First published in Front Porch Review, January 2011
You read the sign. “What’s that supposed to mean?” You decide to find out
“Tipping makes you sexy.” That’s what the sign says on the counter. What’s that supposed to mean? You note the big jar on the counter. Coins and bills. Quarters and ones. You think, The bills were put there by the baristas. That’s what you would do if you were working behind the counter. You would slip a couple bills in before the morning rush started. You’d add them after the first couple quarters. Who tips a buck for a cup of coffee?
But of course this isn’t just a cup of coffee. A cup of coffee is what you want. Earlier this morning you thought, I’ll walk downtown and get a good cup of coffee. The coffee maker at home is fine. Really. But you can’t face another morning alone.
Chris is not coming back. You have to admit it. Chris is not coming back. You realized that when you woke up. That’s when you decided, I’ll downtown and get a good cup of coffee.
Chris always insisted on making the coffee, and it tasted like crap. That was the price you paid for letting someone into your life again, if only for a few weeks. What did I expect at my age?
You walk past the new Starbucks to the corner of 1st and Main where there used to be a Dunkin’ Donuts. There is a hand-lettered sign on the newly remodeled building—Cup o’ Joe. Bet their coffee is better than Starbucks, better than that crap Chris made. You walk in. It is a mistake. Everyone in the place is under thirty except for the woman working the register. You feel like an old fool. Old fool.
The special today is a double shot caramel latte for $3.85. You have no clue what a double shot caramel latte is. You want a 25¢ cup of coffee like you got at the Hilltop café in 1969 when you were eighteen and shipping out to Vietnam. With an order of cinnamon toast you still had a dime left from a buck to leave as a tip.
You look at the chalkboard behind the counter and see all the other offerings: caffe misto, toffee mocha, expresso con panna, caramel macchiato. What’s the difference between a latte and a cappuccino?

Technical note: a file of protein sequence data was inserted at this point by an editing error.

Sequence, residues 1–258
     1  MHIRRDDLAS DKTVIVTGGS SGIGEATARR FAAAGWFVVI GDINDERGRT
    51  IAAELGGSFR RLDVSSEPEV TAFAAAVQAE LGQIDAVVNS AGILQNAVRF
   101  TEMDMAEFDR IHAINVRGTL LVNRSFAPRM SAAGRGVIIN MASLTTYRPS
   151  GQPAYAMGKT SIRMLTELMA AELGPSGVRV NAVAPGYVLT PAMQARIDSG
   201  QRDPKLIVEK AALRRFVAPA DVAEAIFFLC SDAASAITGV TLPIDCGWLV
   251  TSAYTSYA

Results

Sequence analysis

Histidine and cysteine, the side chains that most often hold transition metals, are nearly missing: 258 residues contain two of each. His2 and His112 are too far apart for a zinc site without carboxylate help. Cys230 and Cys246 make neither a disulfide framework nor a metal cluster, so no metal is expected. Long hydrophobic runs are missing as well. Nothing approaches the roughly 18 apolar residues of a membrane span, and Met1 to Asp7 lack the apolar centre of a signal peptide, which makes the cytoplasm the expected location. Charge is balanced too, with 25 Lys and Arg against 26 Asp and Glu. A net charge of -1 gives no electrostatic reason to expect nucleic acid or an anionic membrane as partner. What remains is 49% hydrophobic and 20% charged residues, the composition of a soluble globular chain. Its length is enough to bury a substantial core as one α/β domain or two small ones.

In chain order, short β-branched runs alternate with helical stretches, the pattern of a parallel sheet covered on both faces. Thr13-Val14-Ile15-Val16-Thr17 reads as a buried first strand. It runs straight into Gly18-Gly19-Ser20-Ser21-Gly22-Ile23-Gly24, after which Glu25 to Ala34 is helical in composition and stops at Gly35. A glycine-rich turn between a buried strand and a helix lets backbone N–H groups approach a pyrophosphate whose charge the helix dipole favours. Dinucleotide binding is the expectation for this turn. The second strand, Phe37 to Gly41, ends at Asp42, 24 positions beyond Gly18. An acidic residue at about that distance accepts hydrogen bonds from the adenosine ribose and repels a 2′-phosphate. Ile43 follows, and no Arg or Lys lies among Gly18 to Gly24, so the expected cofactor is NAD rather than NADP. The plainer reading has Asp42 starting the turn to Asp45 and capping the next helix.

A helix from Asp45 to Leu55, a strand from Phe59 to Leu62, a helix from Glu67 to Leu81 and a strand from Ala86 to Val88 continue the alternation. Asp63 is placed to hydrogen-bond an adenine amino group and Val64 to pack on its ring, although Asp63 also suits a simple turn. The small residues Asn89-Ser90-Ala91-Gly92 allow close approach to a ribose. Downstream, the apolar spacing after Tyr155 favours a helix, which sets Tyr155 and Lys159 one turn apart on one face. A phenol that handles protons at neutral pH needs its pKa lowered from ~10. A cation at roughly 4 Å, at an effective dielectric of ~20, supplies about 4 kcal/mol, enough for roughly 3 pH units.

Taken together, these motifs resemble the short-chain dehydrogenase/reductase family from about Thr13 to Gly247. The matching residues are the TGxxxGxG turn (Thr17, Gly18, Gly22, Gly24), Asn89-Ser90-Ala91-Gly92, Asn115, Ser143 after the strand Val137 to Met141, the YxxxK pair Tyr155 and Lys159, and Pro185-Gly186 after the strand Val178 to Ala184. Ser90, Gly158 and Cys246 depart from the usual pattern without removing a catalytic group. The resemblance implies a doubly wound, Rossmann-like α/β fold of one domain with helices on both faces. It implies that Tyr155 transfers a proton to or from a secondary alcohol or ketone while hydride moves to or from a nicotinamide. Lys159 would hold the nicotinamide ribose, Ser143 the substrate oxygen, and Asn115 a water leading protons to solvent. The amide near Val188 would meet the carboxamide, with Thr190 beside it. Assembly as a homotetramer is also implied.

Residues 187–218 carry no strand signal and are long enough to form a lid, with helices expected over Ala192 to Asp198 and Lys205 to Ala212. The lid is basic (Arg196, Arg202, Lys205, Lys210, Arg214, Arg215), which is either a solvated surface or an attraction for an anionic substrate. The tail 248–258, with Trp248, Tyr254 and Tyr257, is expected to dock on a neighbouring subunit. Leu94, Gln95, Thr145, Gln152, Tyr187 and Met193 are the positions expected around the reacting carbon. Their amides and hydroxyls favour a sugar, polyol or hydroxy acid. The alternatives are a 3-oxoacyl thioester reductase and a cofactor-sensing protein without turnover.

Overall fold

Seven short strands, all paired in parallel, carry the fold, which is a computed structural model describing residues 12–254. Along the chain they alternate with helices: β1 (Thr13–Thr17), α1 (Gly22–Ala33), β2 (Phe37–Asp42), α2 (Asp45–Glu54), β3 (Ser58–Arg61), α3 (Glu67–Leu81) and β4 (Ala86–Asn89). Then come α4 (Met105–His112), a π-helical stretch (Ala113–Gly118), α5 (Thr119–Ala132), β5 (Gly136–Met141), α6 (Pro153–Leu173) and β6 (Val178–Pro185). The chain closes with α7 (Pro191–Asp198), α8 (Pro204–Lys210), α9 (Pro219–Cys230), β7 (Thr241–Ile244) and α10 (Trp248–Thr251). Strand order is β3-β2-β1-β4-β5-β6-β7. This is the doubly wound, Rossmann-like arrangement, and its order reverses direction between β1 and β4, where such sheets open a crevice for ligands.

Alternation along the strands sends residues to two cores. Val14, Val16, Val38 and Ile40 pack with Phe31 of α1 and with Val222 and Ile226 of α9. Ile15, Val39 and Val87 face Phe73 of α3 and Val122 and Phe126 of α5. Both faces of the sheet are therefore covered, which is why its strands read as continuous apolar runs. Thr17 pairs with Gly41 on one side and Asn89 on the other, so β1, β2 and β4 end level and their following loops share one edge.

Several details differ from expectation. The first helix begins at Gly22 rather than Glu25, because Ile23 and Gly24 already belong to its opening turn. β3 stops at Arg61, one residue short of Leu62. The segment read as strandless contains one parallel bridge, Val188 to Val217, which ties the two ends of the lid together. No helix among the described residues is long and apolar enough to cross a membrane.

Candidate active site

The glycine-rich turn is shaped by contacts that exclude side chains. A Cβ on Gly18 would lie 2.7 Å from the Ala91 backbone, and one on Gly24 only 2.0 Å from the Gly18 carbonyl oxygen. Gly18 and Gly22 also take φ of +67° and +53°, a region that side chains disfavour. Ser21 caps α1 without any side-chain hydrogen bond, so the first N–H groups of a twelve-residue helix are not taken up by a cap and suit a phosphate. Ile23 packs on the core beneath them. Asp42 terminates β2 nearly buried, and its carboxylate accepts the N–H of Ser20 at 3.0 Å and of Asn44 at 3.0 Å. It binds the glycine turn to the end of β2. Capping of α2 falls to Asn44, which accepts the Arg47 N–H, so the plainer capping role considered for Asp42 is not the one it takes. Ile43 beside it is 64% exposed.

“I’ll try the special.”
Photo by Chevanon Photography on Pexels.com
The woman behind the counter, a barista, Thuy according to her name tag, smiles at you. It is not that uncertain smile you get from teenaged store clerks wondering if they should offer you the senior citizens discount. It is a real smile. Like the smiles you got after you finished basic training, before you shipped out, when you were young and buff and a Marine and you ruled the world.
You ask her, “What do you recommend?” Your question surprises you because you never admit to indecision.
“My favorite is the double shot caramel latte,” the barista tells you. “It’s the special today.”
You really just want coffee, even though they charge a $1.45 for it. You glance again at the menu board then turn back to the barista. She is still smiling. She has long dark hair and black lipstick. Thuy her nametag says. You remember another young woman named Thuy.
“I’ll try the special.”
Thuy has an intelligent face and dark eyes. Her features are Caucasian, oriental, Pacific Islander. It is difficult to tell her age. A distant longing bordering on desire washes over you as she turns to make your drink. You stare at the flawless curve of her neck exposed by the braid that cascades down her back. You wonder how her skin would taste if you could kiss it. You reread the sign. “Tipping makes you sexy.”
Sexy. It is tough to be sexy after sixty.
Thuy turns back to you. She catches you staring. Her smile fades. She is too polite to say anything.
Thuy has poured the drink into a giant blue cup on a blue ceramic saucer. You forgot to ask for it To Go. Now you’ll have to stay.
Thuy holds the latte out to you with both hands, like a gift. Without thinking you pull a dollar bill from your left pocket and place it in the jar. She smiles again.
“There are seats at the counter,” she tells you.
You can watch her prepare the next latte as you sip the sweet taste of coffee and caramel. You know you will return tomorrow even before you sit down. Facing you across the counter is another sign. “Help wanted.” You smile as the hot liquid crosses your lips, warming you.
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